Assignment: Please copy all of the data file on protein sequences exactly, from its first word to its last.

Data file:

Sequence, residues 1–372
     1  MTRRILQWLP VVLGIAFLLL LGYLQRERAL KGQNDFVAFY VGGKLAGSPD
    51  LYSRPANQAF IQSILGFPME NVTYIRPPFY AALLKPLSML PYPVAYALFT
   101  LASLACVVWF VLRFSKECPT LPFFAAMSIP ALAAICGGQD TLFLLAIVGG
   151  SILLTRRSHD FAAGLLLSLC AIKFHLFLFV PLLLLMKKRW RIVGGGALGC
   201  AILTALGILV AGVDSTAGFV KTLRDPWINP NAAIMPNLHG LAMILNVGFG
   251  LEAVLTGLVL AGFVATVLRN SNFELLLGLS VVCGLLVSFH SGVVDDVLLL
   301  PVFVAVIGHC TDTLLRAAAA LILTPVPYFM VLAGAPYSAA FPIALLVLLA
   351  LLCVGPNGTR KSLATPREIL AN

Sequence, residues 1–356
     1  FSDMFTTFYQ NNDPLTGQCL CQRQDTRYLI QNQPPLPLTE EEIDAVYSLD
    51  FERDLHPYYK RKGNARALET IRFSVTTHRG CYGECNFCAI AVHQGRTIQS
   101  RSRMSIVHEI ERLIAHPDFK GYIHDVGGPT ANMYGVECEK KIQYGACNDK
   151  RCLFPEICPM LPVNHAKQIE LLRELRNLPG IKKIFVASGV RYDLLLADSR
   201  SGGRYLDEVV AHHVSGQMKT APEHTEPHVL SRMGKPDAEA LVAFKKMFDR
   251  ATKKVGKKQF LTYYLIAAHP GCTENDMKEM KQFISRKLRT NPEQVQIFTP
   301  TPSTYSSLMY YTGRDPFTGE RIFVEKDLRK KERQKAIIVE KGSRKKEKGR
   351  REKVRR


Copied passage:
Sequence, residues 1–372
     1  MTRRILQWLP VVLGIAFLLL LGYLQRERAL KGQNDFVAFY VGGKLAGSPD
    51  LYSRPANQAF IQSILGFPME NVTYIRPPFY AALLKPLSML PYPVAYALFT
   101  LASLACVVWF VLRFSKECPT LPFFAAMSIP ALAAICGGQD TLFLLAIVGG
   151  SILLTRRSHD FAAGLLLSLC AIKFHLFLFV PLLLLMKKRW RIVGGGALGC
   201  AILTALGILV AGVDSTAGFV KTLRDPWINP NAAIMPNLHG LAMILNVGFG
   251  LEAVLTGLVL AGFVATVLRN SNFELLLGLS VVCGLLVSFH SGVVDDVLLL
   301  PVFVAVIGHC TDTLLRAAAA LILTPVPYFM VLAGAPYSAA FPIALLVLLA
   351  LLCVGPNGTR KSLATPREIL AN

Sequence, residues 1–356
     1  FSDMFTTFYQ NNDPLTGQCL CQRQDTRYLI QNQPPLPLTE EEIDAVYSLD
    51  FERDLHPYYK RKGNARALET IRFSVTTHRG CYGECNFCAI AVHQGRTIQS
   101  RSRMSIVHEI ERLIAHPDFK GYIHDVGGPT ANMYGVECEK KIQYGACNDK
   151  RCLFPEICPM LPVNHAKQIE LLRELRNLPG IKKIFVASGV RYDLLLADSR
   201  SGGRYLDEVV AHHVSGQMKT APEHTEPHVL SRMGKPDAEA LVAFKKMFDR
   251  ATKKVGKKQF LTYYLIAAHP GCTENDMKEM KQFISRKLRT NPEQVQIFTP
   301  TPSTYSSLMY YTGRDPFTGE RIFVEKDLRK KERQKAIIVE KGSRKKEKGR
   351  REKVRR